Tawlet Souk el tayeb Lebanese food paris

One of the great regrets I had in life was when I went to Beirut and didn’t go to the Tawlet Souk el Tayeb, a culinary project supporting local farmers, cooks, and producers. There’s also a weekly farmers’ market, classes and meals.

Lebanese salads

Because my schedule was so packed on my trip, as much as I tried, I didn’t make it. A few years later – as in, this week, Kamal Mouzawak, the founder of the Souk el Tayeb, brought the cooks from Beirut to Paris. So I was anxious to go and cleared a patch in my schedule. (Although I wouldn’t mind going back to Beirut!)

Pickled turnips

I arrived early to check out what was happening in the kitchen, where the women were bustling around, preparing food for dinner. I noticed a big platter of pickled turnips, ready to go between pita breads for the homemade falafels they were frying up, which was a good sign. They weren’t the store-bought ones, but homemade.

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I was once on a panel about blogging and everyone was surprised when I said that at any given time, I have about seventeen posts started, either sitting on my kitchen counter or partially written on my computer. With the focus on blogs being a little more spiffy than they used to be, back when you could – for example – write a haiku to a…

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As much as we like to rib each other about our differences, France is no different from America when it comes to a few things. You can discuss amongst yourselves some of the other things, but the one I want to talk about today is green onions, or scallions, as they’re called in certain parts of the United States. No one can quite agree on what…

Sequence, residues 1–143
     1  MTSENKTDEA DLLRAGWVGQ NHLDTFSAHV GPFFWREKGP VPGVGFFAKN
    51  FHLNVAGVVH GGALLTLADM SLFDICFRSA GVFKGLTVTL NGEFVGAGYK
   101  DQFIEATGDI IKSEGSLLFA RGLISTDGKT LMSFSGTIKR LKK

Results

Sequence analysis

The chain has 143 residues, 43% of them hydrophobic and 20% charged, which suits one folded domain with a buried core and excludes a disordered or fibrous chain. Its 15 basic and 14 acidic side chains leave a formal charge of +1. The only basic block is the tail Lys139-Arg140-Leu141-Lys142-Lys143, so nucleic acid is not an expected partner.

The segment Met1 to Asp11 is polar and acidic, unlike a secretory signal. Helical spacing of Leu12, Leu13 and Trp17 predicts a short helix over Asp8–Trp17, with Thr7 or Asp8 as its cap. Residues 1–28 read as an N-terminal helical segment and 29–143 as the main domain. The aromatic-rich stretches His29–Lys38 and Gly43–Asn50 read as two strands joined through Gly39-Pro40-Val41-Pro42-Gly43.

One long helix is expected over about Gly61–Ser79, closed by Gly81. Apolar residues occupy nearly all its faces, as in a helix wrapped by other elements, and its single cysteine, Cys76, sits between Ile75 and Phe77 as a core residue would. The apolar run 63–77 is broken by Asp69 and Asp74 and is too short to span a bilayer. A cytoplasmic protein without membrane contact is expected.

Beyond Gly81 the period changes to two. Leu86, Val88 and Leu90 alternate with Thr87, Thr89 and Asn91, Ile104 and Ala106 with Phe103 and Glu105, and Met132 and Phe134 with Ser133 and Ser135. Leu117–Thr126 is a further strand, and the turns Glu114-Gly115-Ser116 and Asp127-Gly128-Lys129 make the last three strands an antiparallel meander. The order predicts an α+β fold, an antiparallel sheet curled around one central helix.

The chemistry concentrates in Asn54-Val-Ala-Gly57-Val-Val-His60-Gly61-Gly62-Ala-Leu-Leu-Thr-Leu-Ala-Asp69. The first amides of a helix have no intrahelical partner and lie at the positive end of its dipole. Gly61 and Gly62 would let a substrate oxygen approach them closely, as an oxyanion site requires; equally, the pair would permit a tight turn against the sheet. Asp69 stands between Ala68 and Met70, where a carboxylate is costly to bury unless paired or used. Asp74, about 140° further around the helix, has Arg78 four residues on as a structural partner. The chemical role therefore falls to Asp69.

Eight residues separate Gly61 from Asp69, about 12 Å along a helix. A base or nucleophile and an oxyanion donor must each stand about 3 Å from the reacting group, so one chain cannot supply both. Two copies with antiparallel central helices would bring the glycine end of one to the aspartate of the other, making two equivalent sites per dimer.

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Some people don’t have a big kitchen, or a lot of kitchen equipment. I think I have everything that’s available, and at some point, may start an equipment rental business to drum up some extra cash. I’ve had friends (French and American) desperate for things like angel food cake pans, muffin tins, rimmed baking sheets, and even an ice cream scoop in every possible size…

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I’m often dismayed when I take a trip back to the U.S. and people tell me they wonder why they can’t get good food where they live, like they have in France. While it’s certainly true there aren’t bakeries on every street corner in America (I think people would miss all those 24/7 drugstores and coffee shops), there are places that offer fresh-baked goods, nice cheeses, wines,…

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No matter how many wonderful the foods, and other things, are in France, when I go back to the States, there are some things that I bring back to France with me. When I go to the other way, to the U.S., I pack things that I have a hard time living without or to give as gifts. Friends or hosts might get a loaf of Poilâne bread,…

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Whew! Last week was a busy one. I was on a deadline for a book, and as always, the last few weeks were a sprint to the finish. My neck still smarts from being glued to my computer, but it was nothing a few post-writing cocktails couldn’t fix. However I barely had time to shop or do much cooking while I had hammering out words. I’m not really a…

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I snuck my way into the workshop of master Paris chocolatier Jean-Charles Rochoux. When asked which is the best chocolate shop in Paris, it’s hard to pick just one, but his boutique is at the top of my short list. Each chocolate is hand-crafted in the kitchen just below the shop, where a small team of chocolatiers and Monsieur Rochoux dip, sculpt, mold, and enrobe…

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Shortly after I had moved to France, I made dinner for friends in my apartment, which we finished up with a chocolate tart, which I flecked with a few grains of flaky sea salt. Everyone ate their desserts but one guest, politely, finally spoke up to let me know that somehow, I’d gotten some salt on the dessert. Since then, salt has become a popular ingredient…

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